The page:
11 Ways To Murder Self-Doubt

Self-doubt is paralyzing. It will cripple you and prevent you from taking action or moving forward.

To render someone ineffective, you don’t have to get them to change the core of their beliefs – you just have to get them to doubt the validity of their beliefs. Let me give you an example.

How Doubt Destroys

Suppose you are a great public speaker and you are aware that you are a great public speaker. I’m not talking about arrogance but awareness. The best golfer in the world knows he’s the best golfer in the world. The confidence that comes from knowing that you are great at something allows you to perform at your best on a consistent basis which acts to confirm the existing belief. If you are a great public speaker and are confident in that, you will be more likely to speak well. When you deliver a great speech, that reinforces the belief you have that you are a great public speaker and increases confidence.

Now, suppose I’m nefarious and evil and want to throw you off of your game. In order to do that, do I have to get you to believe you are a terrible public speaker? Nope. The gap between that new idea and what you currently believe is too large. I could walk up to you and say, “You are a terrible public speaker,” and you probably wouldn’t even care.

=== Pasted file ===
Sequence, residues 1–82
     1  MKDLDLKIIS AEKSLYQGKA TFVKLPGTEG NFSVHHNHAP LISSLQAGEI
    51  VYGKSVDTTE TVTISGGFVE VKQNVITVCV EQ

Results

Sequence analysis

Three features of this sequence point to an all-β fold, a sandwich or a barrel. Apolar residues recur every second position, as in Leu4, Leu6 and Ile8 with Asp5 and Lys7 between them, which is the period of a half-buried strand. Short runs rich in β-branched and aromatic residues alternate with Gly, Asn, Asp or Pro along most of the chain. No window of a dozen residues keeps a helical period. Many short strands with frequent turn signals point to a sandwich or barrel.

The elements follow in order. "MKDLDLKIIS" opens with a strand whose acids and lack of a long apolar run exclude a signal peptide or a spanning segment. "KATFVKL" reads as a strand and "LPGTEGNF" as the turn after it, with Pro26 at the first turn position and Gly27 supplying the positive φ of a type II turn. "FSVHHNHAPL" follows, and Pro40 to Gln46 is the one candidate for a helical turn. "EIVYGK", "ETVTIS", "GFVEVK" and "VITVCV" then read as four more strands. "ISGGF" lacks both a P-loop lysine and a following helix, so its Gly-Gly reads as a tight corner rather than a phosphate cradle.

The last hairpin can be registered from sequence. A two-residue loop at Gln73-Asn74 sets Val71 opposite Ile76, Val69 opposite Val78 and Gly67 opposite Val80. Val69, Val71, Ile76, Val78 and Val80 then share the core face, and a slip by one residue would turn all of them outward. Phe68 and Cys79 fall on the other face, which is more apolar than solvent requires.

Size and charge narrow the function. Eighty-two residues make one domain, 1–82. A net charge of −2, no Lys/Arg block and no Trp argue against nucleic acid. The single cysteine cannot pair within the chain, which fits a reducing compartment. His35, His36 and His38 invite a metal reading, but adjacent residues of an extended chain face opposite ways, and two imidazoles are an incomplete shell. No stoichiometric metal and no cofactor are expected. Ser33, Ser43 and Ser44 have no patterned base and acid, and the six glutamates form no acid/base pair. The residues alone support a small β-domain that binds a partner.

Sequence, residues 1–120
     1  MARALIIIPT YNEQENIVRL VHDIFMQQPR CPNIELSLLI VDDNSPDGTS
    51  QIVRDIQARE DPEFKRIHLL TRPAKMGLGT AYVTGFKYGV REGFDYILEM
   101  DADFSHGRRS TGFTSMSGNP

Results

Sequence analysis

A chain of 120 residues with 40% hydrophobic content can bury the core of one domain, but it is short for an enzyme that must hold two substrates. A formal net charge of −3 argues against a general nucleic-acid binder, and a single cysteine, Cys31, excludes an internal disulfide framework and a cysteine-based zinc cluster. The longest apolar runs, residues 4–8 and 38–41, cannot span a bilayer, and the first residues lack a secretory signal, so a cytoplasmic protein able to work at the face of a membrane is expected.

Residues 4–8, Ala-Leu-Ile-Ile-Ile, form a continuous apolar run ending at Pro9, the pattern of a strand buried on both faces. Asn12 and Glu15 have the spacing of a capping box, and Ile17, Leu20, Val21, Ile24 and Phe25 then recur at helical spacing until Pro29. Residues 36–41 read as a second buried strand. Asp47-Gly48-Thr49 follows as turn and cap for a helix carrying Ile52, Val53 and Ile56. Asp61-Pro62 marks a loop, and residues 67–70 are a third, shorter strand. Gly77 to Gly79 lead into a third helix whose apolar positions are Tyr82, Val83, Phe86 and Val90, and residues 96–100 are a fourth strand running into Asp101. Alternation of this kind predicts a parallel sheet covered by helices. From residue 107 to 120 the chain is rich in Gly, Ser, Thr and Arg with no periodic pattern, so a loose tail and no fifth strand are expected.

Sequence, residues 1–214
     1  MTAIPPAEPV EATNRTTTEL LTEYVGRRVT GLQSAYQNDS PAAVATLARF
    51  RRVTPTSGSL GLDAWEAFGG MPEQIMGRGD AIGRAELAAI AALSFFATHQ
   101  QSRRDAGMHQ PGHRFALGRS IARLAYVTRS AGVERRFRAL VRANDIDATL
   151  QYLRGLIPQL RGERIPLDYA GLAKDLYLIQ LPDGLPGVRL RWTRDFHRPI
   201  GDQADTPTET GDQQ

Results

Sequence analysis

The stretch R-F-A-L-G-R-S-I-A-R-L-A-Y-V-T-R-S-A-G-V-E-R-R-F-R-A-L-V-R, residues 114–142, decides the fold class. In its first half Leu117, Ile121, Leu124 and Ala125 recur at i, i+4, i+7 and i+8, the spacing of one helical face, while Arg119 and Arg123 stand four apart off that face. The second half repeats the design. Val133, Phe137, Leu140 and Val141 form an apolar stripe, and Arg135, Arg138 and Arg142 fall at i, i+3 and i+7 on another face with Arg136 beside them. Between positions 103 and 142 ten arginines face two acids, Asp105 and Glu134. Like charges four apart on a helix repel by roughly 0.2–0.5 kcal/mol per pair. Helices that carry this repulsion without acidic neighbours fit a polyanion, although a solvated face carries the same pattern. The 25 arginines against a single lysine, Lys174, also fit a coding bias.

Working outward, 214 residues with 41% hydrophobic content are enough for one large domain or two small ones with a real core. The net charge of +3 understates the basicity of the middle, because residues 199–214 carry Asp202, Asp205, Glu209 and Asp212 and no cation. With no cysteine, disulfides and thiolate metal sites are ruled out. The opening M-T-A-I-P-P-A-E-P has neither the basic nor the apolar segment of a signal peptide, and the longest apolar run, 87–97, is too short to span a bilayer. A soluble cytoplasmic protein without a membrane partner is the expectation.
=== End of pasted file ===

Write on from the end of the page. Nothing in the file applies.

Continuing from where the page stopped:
So how do I throw you off your game? The answer is not to convince you that you suck but to get you to question that you’re that great. The answer is to instill doubt. Because if I can get you to doubt that you’re as good as you once believed, I will set in motion a series of events that will get you to do the work for me. I can get you to self-destruct.

I would be better to say something such as, “You’re usually incredible on stage, but you’ve seemed off lately.” Or, I could tell you that your material has become a little routine. Statements like these are deadlier because they appear plausible. They even seem like they are intended to be helpful.

The Anatomy of Doubt

In order to murder self-doubt, it helps to understand the anatomy of a doubt. Every single doubt has five traits:

  1. Doubts appear plausible – They must get you to question yourself. “Maybe my content is a bit routine. You know, I have been feeling off my game lately.” If it’s too outlandish, your mind won’t accept it.
  2. Doubts carry an element of truth – The best lies are those that are slightly modified truths. Not every presentation you give can be your best performance ever. You’ll have better days than others. However, being able to attach a lie that says “you’re slipping” to one of your off days can have the result of creating more off days. And, if you knew it was an off day, you’ll be more willing to believe the part of the doubt that’s the lie because you can believe the part that’s the truth.